Buying a new house can be a source of great anxiety about all kinds of things, and especially about the legal implications of the contract, as well as the rights and options you have as a buyer. Not many home owners can afford a whole legal team to have their backs and sort out all the problems which may arise with the house’s mortgage, but we have comprised a guide for dealing with the most pressing issues you should watch out for.
For a lot of home buyers, a burning issue is the difference between the contract price of a house and its appraised price. What should you do if you’re one of the prospective home buyers who discover that the desired house’s contract price is higher than its appraised value? There are four possible ways to go in this kind of situation. Let’s have a look at each one, so you can then decide which one fits your current situation and needs best.
1. Re-negotiate the price with the seller. A copy of the appraisal will be your proof that the market value of the property is lower than originally agreed upon and your Real Estate agent should be able to present a strong argument in your favor. Whether you will be able to get a full reduction or only partial depends on your and your team’s negotiation skills. If you fail to come to an agreement, options 2, 3 or 4 are next.
2. Just cancel the transaction. At least in theory, you should be able to do that, if that’s what you really want or if the price difference is high enough to justify this decision. The contract of all home buyers, no matter the specifics, should include a clause which allows you to cancel the transaction in the early stages, once you realize the price difference between the contract and the appraisal. If you weren’t particularly fond of your new house, or have no strong reasons to stick with it, this is perhaps the simplest way to avoid the extra costs arising from this difference.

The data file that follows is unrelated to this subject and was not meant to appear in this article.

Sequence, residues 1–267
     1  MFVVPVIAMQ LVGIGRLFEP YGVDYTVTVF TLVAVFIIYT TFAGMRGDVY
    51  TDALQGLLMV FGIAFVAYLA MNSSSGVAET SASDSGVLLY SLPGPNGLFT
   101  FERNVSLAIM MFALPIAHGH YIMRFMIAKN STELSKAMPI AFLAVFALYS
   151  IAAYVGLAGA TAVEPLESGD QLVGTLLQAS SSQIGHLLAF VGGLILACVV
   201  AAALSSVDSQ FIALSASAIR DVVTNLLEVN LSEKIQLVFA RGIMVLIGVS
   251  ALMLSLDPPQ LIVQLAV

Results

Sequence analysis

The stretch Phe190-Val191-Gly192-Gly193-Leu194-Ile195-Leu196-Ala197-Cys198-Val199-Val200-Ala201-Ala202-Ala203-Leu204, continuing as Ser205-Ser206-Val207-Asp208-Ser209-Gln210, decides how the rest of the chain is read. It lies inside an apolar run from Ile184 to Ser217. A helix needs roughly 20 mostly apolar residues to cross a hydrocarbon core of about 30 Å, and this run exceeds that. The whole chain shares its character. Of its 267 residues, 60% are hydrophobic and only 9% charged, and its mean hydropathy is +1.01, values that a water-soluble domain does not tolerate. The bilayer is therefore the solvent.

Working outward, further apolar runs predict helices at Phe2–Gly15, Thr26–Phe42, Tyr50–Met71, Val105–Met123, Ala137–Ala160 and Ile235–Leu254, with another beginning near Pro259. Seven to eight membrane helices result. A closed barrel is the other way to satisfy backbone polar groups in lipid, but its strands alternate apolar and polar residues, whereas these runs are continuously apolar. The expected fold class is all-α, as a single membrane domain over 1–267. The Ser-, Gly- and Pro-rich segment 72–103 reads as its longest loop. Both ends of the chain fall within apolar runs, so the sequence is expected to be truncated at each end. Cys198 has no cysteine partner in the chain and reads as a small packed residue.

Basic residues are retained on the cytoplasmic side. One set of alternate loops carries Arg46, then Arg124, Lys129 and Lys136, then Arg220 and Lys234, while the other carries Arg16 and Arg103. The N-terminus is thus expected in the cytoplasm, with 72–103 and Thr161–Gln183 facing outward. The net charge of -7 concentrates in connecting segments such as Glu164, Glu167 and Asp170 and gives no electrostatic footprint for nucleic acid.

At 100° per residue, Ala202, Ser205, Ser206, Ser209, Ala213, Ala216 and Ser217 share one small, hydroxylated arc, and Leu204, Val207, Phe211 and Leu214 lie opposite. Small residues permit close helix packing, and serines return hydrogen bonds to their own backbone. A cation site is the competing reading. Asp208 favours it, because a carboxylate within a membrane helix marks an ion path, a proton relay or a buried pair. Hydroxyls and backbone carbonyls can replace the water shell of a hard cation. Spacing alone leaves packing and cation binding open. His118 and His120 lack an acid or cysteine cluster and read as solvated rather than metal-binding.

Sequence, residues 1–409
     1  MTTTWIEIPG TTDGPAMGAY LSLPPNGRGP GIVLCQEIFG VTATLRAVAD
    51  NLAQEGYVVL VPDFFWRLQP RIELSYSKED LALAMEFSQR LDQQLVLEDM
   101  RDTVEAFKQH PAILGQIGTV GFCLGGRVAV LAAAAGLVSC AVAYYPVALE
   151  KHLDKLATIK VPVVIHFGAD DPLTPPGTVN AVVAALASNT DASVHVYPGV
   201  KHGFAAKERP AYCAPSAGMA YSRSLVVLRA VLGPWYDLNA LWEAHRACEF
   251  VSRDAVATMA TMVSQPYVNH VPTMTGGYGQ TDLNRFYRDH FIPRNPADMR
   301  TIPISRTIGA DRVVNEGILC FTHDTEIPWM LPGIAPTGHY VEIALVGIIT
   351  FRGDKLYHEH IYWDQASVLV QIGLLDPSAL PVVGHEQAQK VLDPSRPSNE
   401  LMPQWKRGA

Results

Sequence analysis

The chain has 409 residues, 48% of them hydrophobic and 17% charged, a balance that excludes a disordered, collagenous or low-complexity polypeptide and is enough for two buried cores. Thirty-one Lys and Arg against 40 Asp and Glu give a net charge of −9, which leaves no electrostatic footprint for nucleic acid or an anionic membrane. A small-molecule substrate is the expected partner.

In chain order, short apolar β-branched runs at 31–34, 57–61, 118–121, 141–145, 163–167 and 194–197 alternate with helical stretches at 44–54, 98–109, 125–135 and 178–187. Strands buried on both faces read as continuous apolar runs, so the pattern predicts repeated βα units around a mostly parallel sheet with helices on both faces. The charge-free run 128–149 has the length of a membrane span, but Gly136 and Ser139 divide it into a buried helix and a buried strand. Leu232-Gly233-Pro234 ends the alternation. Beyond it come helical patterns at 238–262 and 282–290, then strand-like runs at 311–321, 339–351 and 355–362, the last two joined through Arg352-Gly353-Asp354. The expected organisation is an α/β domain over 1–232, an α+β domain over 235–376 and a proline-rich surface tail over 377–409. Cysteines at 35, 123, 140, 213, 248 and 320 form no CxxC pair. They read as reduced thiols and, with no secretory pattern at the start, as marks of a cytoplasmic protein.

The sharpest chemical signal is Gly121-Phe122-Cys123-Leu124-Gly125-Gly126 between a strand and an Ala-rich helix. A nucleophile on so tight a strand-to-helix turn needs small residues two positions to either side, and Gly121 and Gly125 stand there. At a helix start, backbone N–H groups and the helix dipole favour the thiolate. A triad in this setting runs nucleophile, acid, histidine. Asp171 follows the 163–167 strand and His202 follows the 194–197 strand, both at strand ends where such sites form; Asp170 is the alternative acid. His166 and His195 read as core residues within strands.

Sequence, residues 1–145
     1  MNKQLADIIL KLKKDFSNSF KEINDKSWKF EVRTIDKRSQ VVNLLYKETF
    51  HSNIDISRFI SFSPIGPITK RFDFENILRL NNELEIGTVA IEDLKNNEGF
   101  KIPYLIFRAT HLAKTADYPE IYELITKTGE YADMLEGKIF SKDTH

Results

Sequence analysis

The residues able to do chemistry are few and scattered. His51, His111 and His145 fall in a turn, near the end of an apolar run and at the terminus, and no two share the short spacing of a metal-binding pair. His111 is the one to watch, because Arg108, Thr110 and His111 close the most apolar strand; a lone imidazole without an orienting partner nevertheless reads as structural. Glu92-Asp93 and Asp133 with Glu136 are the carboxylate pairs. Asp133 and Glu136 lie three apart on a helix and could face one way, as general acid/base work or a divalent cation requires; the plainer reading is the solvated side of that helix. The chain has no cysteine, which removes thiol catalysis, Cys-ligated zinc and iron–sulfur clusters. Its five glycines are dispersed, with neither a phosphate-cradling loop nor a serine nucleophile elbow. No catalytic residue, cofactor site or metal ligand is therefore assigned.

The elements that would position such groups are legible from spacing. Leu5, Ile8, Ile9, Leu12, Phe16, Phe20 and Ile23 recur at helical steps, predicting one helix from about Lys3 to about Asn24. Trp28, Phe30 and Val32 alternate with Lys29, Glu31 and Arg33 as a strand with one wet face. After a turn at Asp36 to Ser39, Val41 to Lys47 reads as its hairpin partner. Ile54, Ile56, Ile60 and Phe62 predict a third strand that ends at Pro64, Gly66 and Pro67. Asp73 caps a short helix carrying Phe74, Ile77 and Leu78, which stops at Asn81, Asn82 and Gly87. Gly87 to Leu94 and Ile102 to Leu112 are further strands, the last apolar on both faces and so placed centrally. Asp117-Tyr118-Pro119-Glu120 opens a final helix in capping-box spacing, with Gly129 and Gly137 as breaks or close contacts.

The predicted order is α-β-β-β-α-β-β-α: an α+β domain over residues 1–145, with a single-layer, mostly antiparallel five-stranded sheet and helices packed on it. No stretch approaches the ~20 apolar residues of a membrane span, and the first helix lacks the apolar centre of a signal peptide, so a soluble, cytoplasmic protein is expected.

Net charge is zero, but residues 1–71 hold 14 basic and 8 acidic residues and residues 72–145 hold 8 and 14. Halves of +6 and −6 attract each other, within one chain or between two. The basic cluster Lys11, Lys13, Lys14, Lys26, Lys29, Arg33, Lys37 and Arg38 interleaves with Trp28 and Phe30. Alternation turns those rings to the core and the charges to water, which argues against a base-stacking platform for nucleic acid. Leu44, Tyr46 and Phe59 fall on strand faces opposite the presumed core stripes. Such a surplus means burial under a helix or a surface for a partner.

3. Pay the difference out of your own pocket to keep the same loan-to-value If you care about the house a lot and already got used to the idea that this is where you and your loved ones will spend your days, you could consider keeping it. But to keep the same loan-to-value despite the difference between the contract price and the appraised value, you could choose to pay the difference out-of-pocket. Home buyers usually want to make sure they stick with the same value for their monthly payments, so if you don’t want to incur future additional costs, this is the way to go.
4. Keep the same down payment, but prepare for potential future costs. If you want to keep the house, but don’t want to pay for the price difference yourself, there is also this third option. Among the mortgage questions we receive, this is the most tricky to answer in a one size fits all manner. The option exists, but the exact future implications for your finances differ from case to case. Most commonly, if your original down payment was around 20%, the low appraisal will mean that you now will have to pay mortgage insurance . If your original down payment was substantially higher you may not incur additional costs. On the other hand, if you intended to put less than 20% to begin with, this option may not be feasible for you.
The best way for home buyers to proceed is to make sure they’re well informed and understand all of their options.
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